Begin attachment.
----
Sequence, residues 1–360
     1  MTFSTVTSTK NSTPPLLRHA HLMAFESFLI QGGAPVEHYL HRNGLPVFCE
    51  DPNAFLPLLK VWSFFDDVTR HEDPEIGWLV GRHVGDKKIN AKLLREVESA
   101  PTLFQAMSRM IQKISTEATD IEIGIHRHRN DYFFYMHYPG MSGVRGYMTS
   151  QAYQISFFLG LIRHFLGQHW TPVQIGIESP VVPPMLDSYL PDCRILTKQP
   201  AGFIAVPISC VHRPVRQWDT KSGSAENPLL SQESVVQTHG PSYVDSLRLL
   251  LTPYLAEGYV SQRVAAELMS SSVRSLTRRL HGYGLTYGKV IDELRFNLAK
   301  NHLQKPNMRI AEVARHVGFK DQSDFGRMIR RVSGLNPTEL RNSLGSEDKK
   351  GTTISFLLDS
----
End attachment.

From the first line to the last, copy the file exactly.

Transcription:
Sequence, residues 1–360
     1  MTFSTVTSTK NSTPPLLRHA HLMAFESFLI QGGAPVEHYL HRNGLPVFCE
    51  DPNAFLPLLK VWSFFDDVTR HEDPEIGWLV GRHVGDKKIN AKLLREVESA
   101  PTLFQAMSRM IQKISTEATD IEIGIHRHRN DYFFYMHYPG MSGVRGYMTS
   151  QAYQISFFLG LIRHFLGQHW TPVQIGIESP VVPPMLDSYL PDCRILTKQP
   201  AGFIAVPISC VHRPVRQWDT KSGSAENPLL SQESVVQTHG PSYVDSLRLL
   251  LTPYLAEGYV SQRVAAELMS SSVRSLTRRL HGYGLTYGKV IDELRFNLAK
   301  NHLQKPNMRI AEVARHVGFK DQSDFGRMIR RVSGLNPTEL RNSLGSEDKK
   351  GTTISFLLDS